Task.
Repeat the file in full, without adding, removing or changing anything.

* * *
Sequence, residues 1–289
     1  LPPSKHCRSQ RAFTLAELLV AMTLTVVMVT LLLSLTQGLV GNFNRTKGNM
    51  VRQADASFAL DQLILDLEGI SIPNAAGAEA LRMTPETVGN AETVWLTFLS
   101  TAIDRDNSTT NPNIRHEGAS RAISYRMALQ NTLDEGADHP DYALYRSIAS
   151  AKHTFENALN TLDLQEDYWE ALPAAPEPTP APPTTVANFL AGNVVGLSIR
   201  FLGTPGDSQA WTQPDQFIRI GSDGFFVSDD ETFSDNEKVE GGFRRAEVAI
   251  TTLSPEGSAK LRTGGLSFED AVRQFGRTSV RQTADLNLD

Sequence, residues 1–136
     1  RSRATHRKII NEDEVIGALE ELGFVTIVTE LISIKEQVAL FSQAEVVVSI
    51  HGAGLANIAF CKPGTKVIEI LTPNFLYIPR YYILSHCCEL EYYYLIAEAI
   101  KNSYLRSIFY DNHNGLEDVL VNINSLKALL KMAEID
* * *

Sequence, residues 1–289
     1  LPPSKHCRSQ RAFTLAELLV AMTLTVVMVT LLLSLTQGLV GNFNRTKGNM
    51  VRQADASFAL DQLILDLEGI SIPNAAGAEA LRMTPETVGN AETVWLTFLS
   101  TAIDRDNSTT NPNIRHEGAS RAISYRMALQ NTLDEGADHP DYALYRSIAS
   151  AKHTFENALN TLDLQEDYWE ALPAAPEPTP APPTTVANFL AGNVVGLSIR
   201  FLGTPGDSQA WTQPDQFIRI GSDGFFVSDD ETFSDNEKVE GGFRRAEVAI
   251  TTLSPEGSAK LRTGGLSFED AVRQFGRTSV RQTADLNLD

Sequence, residues 1–136
     1  RSRATHRKII NEDEVIGALE ELGFVTIVTE LISIKEQVAL FSQAEVVVSI
    51  HGAGLANIAF CKPGTKVIEI LTPNFLYIPR YYILSHCCEL EYYYLIAEAI
   101  KNSYLRSIFY DNHNGLEDVL VNINSLKALL KMAEID